It's a rather realistic (and more than a bit depressing) image of a time when it was so hard to connect to anyone, even those closest to you. The passing of time is both deteministic and heartbreaking, as old ambitions and values slowly die out. Jarva's bleak black-and-white photography is sidelined by the inner monologues of its central characters.


The Last Gig (Viimeinen keikka, 1984)
Director: Matti Ijäs

Matti Ijäs is another bleak humorist who has insight on how the melancholic Finnish male mind works. As anothe rof his TV films, The Last Gig isn't quite on par with Katsastus, but rather good anyway. It concerns a group of older gentlemen, who, much like The Blues Brothers (or rather, Blues Brothers 2000, but don't hold that against this film), plan to put their old band together. The last gig is to play at the funeral of one among their ranks.

Of course it is never that simple and the crew runs into hijinks and trouble. They also come to terms with their age and mortality and wrap up issues, relationships and loves, started decades ago. The melancholic film does have healthy amounts of gallows humour, but it also preaches about taking the most out of life while it still lasts. Plenty of good actors all around, and good funny dialogue.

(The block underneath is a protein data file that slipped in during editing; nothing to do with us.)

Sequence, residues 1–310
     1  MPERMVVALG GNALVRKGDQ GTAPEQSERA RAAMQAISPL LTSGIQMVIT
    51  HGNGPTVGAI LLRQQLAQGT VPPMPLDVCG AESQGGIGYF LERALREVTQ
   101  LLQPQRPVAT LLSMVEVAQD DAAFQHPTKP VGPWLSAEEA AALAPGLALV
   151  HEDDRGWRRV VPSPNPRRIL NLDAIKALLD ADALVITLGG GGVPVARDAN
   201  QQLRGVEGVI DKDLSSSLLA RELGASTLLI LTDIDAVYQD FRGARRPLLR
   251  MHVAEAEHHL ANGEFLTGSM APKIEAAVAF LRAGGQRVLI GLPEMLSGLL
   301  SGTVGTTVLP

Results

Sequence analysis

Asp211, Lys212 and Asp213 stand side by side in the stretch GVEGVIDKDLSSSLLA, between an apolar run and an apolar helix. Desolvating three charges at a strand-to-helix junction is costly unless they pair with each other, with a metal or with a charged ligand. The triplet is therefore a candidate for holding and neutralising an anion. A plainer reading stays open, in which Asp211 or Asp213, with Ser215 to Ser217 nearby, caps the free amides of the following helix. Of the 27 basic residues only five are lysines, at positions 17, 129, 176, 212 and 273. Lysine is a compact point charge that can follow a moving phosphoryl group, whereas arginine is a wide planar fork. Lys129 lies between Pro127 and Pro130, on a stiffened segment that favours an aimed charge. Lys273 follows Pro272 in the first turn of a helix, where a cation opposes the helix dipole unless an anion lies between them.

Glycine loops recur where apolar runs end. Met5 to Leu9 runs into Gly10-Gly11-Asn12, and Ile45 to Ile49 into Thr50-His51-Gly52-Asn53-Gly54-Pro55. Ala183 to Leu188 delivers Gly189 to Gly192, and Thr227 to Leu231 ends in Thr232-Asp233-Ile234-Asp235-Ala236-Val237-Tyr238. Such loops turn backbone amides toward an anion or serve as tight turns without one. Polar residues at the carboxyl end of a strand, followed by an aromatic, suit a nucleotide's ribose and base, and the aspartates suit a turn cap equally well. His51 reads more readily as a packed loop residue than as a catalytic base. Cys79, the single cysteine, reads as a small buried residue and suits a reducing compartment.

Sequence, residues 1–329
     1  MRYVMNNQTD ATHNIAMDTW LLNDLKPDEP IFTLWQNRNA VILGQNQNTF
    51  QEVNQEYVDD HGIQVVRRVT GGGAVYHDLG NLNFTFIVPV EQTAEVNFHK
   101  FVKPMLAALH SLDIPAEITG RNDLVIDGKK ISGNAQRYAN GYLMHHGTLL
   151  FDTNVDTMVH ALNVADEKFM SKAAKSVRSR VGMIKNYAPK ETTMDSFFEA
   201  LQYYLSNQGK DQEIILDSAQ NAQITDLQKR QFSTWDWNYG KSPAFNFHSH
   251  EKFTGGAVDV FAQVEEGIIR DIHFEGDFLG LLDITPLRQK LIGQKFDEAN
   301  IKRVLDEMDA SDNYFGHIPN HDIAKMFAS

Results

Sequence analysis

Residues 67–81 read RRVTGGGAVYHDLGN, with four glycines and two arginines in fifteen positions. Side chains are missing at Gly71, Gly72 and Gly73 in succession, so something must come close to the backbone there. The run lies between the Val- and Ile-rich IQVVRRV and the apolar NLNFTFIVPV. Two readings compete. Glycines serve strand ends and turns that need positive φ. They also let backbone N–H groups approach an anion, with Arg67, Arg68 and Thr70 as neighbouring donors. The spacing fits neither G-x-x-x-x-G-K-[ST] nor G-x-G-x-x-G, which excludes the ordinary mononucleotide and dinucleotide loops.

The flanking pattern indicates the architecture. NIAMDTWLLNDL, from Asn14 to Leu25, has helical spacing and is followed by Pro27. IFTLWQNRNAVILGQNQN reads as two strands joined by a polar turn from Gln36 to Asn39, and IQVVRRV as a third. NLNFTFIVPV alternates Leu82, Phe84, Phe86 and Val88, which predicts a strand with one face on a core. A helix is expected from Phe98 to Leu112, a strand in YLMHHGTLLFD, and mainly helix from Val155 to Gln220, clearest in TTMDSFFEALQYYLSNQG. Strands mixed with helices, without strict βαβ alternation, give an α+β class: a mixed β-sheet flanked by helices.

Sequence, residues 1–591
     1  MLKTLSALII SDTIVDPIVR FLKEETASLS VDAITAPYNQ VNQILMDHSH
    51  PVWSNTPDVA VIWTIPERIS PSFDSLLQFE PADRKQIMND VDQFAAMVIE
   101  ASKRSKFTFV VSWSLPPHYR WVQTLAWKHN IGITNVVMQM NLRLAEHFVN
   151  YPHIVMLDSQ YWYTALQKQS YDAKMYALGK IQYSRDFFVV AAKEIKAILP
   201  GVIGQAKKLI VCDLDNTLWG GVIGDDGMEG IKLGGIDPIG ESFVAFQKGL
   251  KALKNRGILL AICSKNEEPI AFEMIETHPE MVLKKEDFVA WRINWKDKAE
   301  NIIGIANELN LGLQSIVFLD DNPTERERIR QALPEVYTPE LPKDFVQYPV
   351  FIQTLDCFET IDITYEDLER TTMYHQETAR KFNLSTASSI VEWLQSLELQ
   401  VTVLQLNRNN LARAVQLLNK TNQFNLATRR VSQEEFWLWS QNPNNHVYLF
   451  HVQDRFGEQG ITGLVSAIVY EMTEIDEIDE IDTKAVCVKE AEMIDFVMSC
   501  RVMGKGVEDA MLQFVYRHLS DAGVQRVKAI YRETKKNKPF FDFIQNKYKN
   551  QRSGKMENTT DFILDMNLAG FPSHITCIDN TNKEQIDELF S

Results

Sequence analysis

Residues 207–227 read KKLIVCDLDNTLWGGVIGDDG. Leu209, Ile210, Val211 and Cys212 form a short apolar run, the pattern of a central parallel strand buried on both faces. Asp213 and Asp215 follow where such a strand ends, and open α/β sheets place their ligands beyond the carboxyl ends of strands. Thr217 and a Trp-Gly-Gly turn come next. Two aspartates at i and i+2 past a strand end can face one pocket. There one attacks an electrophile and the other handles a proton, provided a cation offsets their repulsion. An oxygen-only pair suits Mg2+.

The Painting Sellers (Taulukauppiaat)
Director: Juho Kuosmanen

Can this 58-minute film from 2010 be said to be a cult film? Well, since almost nobody saw it at the time, but everyone who did, raved about it, it certainly fringes on the limit. In this one, the small-town salesmen come from one family, where the mother paints the pictures, the son drives the family around and the dad works as a manager, screwing everything up as best he can.